“If your engine has a linking in gadget on the I.P. valve gear, it would be well to link it in a little, giving the I.P. a shorter cut off, and an increase of power in the I.P. cylinder would result and the H.P. would be decreased a corresponding amount, and the respective powers would even up to about 88 I.H.P. each.”
Kipling, Rudyard, 1902.
“Directly under the car he lay and looked upward into pipes–petrol, steam, and water–with a keen and searching eye. / I telegraphed Mr. Pyecroft a question. / ‘Not–in–the–least,’ was the answer. ‘Steam gadgets always take him that way. We had a bit of a riot at Parsley Green through his tryin’ to show a traction-engine haulin’ gipsy-wagons how to turn corners.” […] “‘But, after all, it’s your steamin’ gadgets he’s usin’ for his libretto, as you might put it.” Pyecroft to narrator about Hinch, who was formerly terrified, driving around the car. […] “‘But I will say for you, Hinch, you’ve certainly got the hang of her steamin’ gadgets in quick time.’ / He was driving very sweetly, but with a worried look in his eye and a tremor in his arm.”
Bullen, Frank T., 1902.
“Before I had time to question him as to his meaning, the old man emerged from the cabin loaded with sundry strange-looking machines, and followed by the steward bearing more. For a few minutes he was mighty busy placing his menagerie in order, and then he turned to me and said briskly, ‘Now, Mr. Roper, I’m all ready, go forrard and invite the hands aft to the lecture.’ […] The skipper was as busy as two people about his wheels and things, and the unhappy steward like an image of fear obeyed mechanically the various commands of his dread master. At last a whirring sound was heard like the humming of some huge imprisoned bee, and to this accompaniment the skipper took up his parable and preceded to talk. […] Indeed, from what I could see of their faces, I believe every other sense was merged in the full expectation of an explosion, and they couldn’t have taken their strained eyes off the buzzing gadget in their midst for any consideration whatever.” a monkey rushes the apparatus, something explodes, then: “‘Mr. Roper, I shan’t give any more scientific exhibitions this trip; I think they’re immoral.’ With that he hobbled into his cabin, and we saw no more of him for a week. When we did, you couldn’t have got a grain of science out of him with a small-tooth comb…”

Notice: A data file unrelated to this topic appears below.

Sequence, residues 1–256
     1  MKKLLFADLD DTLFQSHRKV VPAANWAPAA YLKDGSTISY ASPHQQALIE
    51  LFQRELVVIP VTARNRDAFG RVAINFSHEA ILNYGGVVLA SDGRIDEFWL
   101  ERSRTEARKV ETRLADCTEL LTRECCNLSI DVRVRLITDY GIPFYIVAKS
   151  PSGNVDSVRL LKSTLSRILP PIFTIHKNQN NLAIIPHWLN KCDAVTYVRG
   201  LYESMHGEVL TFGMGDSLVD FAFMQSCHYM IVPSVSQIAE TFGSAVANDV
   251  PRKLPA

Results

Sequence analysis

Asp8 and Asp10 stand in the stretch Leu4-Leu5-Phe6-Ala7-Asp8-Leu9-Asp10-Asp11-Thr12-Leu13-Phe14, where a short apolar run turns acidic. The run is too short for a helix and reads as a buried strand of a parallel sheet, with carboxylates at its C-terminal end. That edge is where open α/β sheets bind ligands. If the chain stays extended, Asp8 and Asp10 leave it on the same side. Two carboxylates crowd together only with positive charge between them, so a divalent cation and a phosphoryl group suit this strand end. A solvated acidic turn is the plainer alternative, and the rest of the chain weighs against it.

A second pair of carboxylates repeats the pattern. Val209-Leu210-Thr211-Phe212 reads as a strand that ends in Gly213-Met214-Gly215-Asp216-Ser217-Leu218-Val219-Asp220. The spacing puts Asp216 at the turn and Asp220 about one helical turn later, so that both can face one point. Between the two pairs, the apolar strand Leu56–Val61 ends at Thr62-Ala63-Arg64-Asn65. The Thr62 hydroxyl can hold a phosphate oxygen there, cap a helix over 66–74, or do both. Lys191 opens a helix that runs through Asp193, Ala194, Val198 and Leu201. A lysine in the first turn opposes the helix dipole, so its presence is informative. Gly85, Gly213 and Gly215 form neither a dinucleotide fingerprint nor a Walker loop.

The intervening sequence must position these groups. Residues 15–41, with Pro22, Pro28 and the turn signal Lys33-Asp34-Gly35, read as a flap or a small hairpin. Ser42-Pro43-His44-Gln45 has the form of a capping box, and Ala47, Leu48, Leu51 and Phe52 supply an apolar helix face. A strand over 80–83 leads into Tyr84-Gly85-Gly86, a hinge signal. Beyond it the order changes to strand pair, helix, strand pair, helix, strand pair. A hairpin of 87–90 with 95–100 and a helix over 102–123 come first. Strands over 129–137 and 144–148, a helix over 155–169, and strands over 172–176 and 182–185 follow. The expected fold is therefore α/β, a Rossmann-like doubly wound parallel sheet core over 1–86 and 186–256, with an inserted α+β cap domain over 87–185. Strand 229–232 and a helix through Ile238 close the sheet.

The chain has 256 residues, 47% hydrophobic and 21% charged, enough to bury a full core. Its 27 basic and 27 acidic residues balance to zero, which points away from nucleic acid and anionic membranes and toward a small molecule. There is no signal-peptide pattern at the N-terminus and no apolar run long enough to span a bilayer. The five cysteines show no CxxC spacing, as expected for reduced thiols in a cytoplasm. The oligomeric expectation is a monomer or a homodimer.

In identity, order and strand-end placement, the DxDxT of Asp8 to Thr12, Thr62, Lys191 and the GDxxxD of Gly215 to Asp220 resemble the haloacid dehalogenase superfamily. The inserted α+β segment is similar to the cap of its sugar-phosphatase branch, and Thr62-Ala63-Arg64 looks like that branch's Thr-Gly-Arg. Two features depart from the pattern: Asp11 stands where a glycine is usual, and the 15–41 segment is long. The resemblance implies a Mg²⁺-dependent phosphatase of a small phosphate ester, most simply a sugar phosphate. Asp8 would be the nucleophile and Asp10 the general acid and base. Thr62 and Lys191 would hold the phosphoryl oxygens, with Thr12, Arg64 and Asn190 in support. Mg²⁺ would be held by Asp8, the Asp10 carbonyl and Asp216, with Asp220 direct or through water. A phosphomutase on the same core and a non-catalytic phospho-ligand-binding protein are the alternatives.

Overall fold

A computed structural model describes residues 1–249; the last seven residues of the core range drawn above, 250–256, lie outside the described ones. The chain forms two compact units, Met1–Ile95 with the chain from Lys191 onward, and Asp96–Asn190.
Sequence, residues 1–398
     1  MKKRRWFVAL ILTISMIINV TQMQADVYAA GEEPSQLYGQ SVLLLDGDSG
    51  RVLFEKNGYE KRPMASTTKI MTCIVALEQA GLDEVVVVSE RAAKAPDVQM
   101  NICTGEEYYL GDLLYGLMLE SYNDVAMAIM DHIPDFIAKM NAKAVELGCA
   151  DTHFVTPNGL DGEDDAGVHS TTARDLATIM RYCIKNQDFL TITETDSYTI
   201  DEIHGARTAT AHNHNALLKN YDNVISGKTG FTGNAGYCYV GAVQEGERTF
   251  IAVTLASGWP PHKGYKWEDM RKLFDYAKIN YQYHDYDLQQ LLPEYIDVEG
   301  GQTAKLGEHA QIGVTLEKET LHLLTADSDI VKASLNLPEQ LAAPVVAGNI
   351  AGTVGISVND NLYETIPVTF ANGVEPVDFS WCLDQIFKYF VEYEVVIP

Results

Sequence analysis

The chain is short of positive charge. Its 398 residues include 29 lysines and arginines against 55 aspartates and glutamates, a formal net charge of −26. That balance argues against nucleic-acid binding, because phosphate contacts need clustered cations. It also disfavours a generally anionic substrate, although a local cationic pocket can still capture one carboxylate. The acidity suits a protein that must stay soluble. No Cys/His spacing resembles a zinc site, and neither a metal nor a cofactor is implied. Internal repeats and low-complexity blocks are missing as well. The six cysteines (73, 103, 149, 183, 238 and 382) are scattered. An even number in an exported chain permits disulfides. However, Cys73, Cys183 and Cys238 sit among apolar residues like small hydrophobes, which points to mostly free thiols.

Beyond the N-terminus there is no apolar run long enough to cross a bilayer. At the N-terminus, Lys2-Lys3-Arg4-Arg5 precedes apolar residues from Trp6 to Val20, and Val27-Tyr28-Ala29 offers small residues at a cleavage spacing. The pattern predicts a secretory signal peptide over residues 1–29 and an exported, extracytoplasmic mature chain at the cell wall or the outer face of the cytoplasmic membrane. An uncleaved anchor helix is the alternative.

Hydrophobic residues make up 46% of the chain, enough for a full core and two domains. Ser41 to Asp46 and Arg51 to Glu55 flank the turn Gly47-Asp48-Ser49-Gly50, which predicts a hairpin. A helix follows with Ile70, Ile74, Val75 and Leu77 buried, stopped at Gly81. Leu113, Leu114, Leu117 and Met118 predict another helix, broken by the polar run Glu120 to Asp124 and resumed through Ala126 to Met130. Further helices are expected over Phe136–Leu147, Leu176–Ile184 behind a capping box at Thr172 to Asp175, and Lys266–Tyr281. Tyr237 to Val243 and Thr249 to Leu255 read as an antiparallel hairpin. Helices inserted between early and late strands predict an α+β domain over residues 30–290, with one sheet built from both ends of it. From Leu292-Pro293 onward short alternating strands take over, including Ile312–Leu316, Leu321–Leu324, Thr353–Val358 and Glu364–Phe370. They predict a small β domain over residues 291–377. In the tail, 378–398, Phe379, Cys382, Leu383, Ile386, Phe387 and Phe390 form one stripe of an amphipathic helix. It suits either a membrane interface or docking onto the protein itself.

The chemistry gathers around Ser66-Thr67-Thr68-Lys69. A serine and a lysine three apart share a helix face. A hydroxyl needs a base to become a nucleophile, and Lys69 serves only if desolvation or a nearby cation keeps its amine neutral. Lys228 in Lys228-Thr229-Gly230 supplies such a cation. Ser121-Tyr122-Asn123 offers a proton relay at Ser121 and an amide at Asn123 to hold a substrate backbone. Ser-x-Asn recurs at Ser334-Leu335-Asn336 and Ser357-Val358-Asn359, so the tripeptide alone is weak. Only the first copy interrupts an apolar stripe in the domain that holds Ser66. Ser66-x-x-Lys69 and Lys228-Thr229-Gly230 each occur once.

Kipling, Rudyard, 1903.
“Thus we’ave the starboard side completely blocked an’ the general traffic tricklin’ over’ead along the fore-an’-aft bridge. Then Chips gets into her an’ begins balin’ out a mess o’ small reckonin’s on the deck. Simultaneous there come up three o’ those dirty engine-room objects which we call ‘tiffies,’ an’ a stoker or two with orders to repair her steamin’ gadgets. They get into her an’ bale out another young Christmas-treeful of small reckonin’s–brass mostly.”
Kipling, Rudyard, 1904.
“He stood up and steadied himself by a stanchion, in the middle of the front seat, which carried the big acetylene lamp. / ‘This is like the gyroscope gadget on the Portsmouth submarines. Does she dive?’ said he.”